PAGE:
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Chapter V.

As it is blasphemy to pare away the Divinity of Christ, so also is it blasphemous to deny that He is true man.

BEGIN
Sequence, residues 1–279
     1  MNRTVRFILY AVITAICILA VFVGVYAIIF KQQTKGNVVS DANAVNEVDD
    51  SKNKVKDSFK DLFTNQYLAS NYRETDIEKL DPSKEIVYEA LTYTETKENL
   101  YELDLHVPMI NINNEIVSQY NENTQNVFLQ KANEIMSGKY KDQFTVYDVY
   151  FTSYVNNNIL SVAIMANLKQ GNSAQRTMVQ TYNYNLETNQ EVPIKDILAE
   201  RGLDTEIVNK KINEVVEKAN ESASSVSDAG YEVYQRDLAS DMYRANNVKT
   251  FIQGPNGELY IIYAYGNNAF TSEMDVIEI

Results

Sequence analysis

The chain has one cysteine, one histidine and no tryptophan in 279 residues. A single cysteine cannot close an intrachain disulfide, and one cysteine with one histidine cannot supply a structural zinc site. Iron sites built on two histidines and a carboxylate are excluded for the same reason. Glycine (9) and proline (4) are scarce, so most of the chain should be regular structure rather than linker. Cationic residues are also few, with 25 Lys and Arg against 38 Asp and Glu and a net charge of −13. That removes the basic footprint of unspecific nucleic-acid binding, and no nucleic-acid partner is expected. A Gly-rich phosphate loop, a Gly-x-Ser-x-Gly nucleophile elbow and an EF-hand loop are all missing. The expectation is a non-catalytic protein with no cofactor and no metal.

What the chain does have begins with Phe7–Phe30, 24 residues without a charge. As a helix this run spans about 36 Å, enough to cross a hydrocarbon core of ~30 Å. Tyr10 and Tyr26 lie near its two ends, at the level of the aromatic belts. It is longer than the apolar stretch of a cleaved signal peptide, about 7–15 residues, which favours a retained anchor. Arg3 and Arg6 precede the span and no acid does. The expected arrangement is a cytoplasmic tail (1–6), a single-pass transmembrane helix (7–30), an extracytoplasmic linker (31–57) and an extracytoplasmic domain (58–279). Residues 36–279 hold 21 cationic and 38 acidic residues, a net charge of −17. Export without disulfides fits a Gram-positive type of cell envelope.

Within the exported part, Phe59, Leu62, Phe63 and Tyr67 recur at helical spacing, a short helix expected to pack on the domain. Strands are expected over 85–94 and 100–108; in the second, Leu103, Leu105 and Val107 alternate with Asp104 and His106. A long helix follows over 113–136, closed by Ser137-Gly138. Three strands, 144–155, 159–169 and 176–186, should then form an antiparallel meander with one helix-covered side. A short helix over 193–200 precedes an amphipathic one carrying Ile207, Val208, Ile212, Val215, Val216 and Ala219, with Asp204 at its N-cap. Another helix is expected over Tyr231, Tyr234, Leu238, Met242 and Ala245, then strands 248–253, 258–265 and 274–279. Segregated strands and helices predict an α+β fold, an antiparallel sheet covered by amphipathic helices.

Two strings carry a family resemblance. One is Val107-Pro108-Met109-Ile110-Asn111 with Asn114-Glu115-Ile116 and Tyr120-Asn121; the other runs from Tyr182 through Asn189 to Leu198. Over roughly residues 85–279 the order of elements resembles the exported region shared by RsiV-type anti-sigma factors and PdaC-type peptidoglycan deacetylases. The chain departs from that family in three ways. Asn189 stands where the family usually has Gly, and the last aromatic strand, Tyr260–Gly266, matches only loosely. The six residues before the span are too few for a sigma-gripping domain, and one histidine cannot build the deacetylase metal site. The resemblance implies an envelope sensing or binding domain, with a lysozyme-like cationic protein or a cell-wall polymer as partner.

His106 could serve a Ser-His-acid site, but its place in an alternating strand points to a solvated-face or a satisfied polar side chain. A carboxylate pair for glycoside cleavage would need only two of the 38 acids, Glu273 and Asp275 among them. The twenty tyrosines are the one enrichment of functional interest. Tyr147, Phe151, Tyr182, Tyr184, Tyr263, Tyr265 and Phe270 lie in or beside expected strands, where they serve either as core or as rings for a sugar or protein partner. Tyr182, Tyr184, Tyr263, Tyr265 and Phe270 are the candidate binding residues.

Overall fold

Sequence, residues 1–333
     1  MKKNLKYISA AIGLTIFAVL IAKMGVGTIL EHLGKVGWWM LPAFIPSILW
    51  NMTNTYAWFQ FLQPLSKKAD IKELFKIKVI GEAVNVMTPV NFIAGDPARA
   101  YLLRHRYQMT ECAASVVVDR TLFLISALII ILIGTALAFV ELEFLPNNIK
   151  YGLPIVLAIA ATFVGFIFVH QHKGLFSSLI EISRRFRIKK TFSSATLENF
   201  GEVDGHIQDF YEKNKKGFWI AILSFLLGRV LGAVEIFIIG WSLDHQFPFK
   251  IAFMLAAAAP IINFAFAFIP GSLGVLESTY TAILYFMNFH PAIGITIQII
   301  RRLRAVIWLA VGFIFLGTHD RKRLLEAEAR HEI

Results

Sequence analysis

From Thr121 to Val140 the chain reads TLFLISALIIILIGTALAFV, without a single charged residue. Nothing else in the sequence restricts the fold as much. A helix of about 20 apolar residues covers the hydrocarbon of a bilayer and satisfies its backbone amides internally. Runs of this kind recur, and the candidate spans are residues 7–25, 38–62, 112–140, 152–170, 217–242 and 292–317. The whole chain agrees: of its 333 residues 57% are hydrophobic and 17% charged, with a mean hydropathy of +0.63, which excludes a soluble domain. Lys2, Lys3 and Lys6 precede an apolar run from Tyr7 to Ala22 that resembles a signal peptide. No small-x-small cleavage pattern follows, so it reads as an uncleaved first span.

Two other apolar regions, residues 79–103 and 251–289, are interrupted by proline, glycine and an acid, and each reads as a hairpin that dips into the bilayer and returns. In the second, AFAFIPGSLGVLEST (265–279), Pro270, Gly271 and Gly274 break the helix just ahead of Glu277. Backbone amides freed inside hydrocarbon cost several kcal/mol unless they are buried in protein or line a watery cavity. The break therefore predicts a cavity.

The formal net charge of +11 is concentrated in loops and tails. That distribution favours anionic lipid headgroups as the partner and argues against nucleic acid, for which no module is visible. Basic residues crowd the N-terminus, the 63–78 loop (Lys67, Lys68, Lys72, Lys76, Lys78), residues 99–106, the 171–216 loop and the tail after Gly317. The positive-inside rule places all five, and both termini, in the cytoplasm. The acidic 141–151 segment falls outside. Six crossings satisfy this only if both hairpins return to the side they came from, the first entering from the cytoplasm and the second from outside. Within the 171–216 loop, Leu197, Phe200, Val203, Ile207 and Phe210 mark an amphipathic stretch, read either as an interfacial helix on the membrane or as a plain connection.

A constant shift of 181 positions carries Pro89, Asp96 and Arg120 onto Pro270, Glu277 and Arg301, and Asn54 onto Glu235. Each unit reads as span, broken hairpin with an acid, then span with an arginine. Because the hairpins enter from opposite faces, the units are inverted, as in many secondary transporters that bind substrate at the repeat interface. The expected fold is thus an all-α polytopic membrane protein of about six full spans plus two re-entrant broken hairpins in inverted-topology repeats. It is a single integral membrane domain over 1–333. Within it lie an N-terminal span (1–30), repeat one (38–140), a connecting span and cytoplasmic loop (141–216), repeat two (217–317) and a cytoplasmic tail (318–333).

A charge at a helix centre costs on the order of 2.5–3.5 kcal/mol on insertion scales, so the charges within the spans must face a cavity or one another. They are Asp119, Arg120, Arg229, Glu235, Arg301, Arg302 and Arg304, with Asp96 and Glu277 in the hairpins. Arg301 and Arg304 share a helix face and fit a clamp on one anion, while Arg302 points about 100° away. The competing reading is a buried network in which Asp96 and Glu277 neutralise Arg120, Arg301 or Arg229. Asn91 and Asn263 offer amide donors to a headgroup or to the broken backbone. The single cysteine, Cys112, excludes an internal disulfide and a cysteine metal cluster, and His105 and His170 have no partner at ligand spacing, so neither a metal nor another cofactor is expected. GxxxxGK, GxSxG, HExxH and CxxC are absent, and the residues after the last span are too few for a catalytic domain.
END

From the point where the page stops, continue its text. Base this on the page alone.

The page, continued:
But he says “by Jesus Christ, and God the Father, who raised Him from the dead.” 565That renowned and admirable teacher, knowing that our Lord Jesus Christ must be preached as true man, as well as true God, always declares the glory of the Divine in Him, in such a way as not to lose hold of the confession of the Incarnation: plainly excluding the phantasm of Marcion, by a real Incarnation, and the poverty of the Ebionite, by Divinity: lest through one or other of these wicked blasphemies it might be believed that our Lord Jesus Christ was either altogether man without God, or God without man. Excellently then did the Apostle, when declaring that He was sent by God the Son as well as by God the Father, add at once a confession of the Lord’s Incarnation, by saying: “Who raised Him from the dead:” clearly teaching that it was a real body of the Incarnate God, which was raised from the dead: in accordance with this: “And though we have known Christ according to the flesh,” excellently adding: “Yet now we know Him so no longer.” For he says that he knows this in Him according to the flesh; viz., that He was raised from the dead; but that he knows Him no longer according to the flesh inasmuch as when the weakness of the flesh is at an end, he knows that He exists in the Power of God only. Surely he is a faithful and satisfactory witness of our Lord’s Divinity which had to be proclaimed, who at his first call was smitten from heaven itself, and did not merely believe in his heart the glory of our Lord Jesus Christ, who was raised from the dead, but actually established its truth by the evidence of his bodily eyes.

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